• Bruneau Dunes State Park would be a great place to hike around on a weekend like this when it's cool. 
  • I saw a nice outdoor feature story on staying at rental cabins at Three Island State Park in the Twin Falls Times-News. Check it out! 
  • I also saw a great summary of Soldier Mountain's new offerings in the winter of 2016-17 under new ownership. They're having a season pass party tomorrow night. Check it out!
I also wanted to mention a first-time event happening in mid-December at Brundage Mountain ... it's a world-class mountaineering event called the “Northwest Passage Ski Mountaineering Race,” co-sponsored by the McCall Winter Sports Club and the United States Ski Mountaineering Association on Dec. 16-17. 

On Friday, Dec. 16, racers will compete in a 520-meter "vertical race," starting at 4:00 pm at the base of Brundage's 45th Parallel ski run and finishes at the top of Engen. This event is open to local skiers and elite racers.  

On Saturday, Dec. 17, elite racers will tackle a 12.9-mile uphill/downhill course that includes six climbs covering a total of 6400 vertical feet. Recreational racers will compete in a 7.3-mile route with four climbs and 3860 feet of elevation gain. Both courses begin at the base of Brundage Mountain with an uphill climb to the Lakeview Bowl area, which will be the site of the first transition to downhill skiing. From there, competitors will climb back out of the Lakeview area, and leave the ski area boundary en route to the summit of Sargents Mountain. There, racers will complete additional climbs and descents in the Sargents bowl before finishing at the base of Hidden Valley.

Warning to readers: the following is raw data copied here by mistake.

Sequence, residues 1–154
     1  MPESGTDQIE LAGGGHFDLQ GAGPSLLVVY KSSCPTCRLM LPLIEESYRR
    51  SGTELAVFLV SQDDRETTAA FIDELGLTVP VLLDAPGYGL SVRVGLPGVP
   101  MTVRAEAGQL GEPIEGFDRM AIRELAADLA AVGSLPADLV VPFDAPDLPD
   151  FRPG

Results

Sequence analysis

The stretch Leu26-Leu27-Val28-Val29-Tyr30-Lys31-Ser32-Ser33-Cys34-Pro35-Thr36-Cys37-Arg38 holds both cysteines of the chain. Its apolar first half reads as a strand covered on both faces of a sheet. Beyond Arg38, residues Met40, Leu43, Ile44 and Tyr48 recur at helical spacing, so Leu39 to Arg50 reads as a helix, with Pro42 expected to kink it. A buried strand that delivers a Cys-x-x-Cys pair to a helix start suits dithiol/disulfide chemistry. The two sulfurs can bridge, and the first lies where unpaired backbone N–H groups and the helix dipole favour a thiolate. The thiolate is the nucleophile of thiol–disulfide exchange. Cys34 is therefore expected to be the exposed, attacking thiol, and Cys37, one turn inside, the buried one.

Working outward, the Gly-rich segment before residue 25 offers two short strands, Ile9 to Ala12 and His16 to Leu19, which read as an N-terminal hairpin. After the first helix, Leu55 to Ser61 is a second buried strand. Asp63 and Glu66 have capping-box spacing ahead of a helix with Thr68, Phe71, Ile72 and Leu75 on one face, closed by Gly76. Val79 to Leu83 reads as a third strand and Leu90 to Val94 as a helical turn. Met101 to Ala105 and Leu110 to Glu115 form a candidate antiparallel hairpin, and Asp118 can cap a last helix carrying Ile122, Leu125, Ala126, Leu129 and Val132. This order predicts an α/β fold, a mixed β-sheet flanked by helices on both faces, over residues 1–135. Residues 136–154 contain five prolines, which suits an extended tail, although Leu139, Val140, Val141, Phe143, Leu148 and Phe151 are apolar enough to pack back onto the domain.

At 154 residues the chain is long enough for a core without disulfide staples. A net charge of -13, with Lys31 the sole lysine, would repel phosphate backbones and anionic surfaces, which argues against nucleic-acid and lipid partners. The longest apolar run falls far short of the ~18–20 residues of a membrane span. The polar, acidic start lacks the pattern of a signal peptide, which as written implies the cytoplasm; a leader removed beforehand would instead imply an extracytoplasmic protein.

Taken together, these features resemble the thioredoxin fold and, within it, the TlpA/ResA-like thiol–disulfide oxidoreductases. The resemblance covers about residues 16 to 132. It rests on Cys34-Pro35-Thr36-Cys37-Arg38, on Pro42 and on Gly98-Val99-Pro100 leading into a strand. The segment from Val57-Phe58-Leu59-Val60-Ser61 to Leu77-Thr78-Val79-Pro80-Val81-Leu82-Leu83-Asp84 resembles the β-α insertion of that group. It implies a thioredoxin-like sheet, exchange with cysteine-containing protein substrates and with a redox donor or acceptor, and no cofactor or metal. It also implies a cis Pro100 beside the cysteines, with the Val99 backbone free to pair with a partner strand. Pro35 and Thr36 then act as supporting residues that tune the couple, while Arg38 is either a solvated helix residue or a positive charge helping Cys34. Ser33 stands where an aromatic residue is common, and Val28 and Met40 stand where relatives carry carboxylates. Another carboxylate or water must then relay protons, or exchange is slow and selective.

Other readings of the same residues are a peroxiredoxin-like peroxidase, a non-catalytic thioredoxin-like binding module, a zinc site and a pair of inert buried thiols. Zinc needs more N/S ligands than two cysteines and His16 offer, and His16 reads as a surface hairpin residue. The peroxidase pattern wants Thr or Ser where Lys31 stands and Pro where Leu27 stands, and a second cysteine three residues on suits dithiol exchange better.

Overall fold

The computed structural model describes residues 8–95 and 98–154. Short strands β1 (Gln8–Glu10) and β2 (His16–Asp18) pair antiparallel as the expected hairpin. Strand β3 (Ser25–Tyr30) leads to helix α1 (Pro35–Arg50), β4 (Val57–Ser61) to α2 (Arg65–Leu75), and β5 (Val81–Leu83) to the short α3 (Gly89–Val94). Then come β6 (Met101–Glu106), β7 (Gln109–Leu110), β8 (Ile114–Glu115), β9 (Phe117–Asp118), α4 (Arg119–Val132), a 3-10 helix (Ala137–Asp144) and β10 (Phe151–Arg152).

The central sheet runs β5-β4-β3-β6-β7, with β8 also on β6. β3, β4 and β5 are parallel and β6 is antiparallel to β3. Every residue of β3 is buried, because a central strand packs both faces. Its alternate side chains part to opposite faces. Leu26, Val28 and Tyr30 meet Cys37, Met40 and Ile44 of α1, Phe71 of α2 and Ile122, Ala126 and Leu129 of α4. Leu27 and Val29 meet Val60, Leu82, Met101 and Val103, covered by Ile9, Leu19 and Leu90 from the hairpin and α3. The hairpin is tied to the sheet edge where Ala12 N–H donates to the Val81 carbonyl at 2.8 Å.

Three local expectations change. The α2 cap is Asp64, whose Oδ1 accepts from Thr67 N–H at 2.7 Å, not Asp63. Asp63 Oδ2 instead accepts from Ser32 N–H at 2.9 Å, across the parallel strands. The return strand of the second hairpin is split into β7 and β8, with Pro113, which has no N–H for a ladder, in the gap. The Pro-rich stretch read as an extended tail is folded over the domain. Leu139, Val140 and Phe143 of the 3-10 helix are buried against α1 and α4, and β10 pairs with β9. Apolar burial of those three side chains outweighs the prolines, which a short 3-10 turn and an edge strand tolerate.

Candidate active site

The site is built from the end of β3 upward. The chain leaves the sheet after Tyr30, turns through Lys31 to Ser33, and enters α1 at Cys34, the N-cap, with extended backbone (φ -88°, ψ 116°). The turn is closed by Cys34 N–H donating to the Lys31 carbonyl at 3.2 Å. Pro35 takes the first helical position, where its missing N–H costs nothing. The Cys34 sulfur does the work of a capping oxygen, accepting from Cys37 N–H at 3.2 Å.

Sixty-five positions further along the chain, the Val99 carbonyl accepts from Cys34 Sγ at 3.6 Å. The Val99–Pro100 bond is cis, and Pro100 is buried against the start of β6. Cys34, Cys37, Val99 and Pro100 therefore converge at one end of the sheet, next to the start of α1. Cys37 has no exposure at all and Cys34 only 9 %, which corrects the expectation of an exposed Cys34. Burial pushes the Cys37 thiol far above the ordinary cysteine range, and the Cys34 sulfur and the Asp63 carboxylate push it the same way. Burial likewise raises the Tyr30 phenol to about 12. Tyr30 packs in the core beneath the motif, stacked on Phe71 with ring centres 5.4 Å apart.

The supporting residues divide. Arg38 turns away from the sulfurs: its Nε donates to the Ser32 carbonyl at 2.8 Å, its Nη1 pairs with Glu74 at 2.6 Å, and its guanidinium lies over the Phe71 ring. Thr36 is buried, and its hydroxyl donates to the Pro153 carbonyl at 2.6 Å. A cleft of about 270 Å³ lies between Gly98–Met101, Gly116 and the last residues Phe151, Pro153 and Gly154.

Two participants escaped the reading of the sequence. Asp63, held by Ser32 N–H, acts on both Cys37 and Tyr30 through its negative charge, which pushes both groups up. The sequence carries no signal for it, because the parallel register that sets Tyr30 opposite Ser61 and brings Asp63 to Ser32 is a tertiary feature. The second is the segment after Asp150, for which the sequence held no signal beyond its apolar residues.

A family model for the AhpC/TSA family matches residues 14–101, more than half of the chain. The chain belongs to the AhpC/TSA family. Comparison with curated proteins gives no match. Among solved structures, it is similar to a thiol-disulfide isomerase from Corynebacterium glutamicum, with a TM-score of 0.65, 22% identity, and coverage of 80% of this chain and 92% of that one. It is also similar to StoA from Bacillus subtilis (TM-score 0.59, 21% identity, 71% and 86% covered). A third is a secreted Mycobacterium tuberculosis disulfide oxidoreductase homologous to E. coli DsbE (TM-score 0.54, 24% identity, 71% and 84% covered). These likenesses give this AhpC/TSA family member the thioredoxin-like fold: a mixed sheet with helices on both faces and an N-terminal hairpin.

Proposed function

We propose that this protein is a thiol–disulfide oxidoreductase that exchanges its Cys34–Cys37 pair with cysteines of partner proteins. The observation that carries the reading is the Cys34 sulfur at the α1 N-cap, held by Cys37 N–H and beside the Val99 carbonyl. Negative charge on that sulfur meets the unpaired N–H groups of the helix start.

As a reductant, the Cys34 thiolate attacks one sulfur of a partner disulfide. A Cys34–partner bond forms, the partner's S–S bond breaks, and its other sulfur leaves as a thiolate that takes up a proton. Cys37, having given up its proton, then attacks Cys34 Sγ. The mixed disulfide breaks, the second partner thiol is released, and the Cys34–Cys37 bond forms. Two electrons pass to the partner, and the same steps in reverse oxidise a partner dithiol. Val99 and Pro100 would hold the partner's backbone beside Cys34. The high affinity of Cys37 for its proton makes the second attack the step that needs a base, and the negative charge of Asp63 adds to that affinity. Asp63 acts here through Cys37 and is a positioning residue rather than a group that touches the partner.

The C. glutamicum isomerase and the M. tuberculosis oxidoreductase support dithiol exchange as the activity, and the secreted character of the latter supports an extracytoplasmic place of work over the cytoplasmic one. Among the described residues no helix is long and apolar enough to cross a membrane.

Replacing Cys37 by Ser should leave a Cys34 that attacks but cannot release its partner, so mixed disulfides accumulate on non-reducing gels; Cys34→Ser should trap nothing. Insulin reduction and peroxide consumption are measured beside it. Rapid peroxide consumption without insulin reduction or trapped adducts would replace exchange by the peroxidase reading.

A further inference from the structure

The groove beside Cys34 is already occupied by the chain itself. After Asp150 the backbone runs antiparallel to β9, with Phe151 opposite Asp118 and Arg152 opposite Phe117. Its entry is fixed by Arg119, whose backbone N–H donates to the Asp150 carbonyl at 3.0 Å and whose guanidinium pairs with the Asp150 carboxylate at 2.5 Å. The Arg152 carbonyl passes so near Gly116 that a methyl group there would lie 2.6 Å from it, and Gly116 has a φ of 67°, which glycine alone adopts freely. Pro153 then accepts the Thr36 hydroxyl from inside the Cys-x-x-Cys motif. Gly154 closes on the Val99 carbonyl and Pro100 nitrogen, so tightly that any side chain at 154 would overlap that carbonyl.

If you'd like to sign up for the Northwest Passage Ski Mountaineering Race, go to the Brundage web site.  Volunteers are needed to help with the race as well. Contact Jim Pace if you'd like to volunteer at
Have fun!
- SS

Thursday, November 17, 2016

Try Death Valley as a winter destination to explore unique canyons, dunes and peaks

Mosaic Canyon ... getting into the marble zone 
Red Pass is down where our white pickup truck rental is parked.
On our way to Thimble Peak. 
Thimble Peak 
On the summit. We got out early and beat the heat. 
Titus Canyon 
Hi all,

I took Wendy to Death Valley National Park recently for a quick 4-day getaway, and I was impressed. I'd never been there before. I had heard that it's a great winter destination -- the ideal time to visit a place that has temperatures in the 130s in mid-summer. In early November, we experienced lows in the 60s and highs in the 80s in the afternoons. It's even cooler in December and January.

We stayed at the Furnace Creek Ranch for about $150/night. We liked that spot quite a bit. There's a large swimming pool for ranch guests to use, plus tennis courts and a bacce ball court. Wifi was kind of lame, but you're supposed to be on vacation. There are three restaurants and a general store in Furnace Creek where you can find suitable eats and supplies. There also are many different campgrounds in the national park where you could park an RV or tent camp.

Here are a few places that I'd recommend visiting:

  • Mosaic Canyon - There are some neat rock formations in Mosaic Canyon -- really old limestone rock that dates to 700 million years old is overlain by much more recent compacted sediment and gravel that occurred just several thousand years ago. The old limestone rock eventually changed to dolomite and then marble over the years. About 1 mile up Mosaic Canyon, you get into the smooth marble rock in the canyon walls, and the canyon narrows as you hike upstream. Continue up the canyon, the views and geology keep getting better.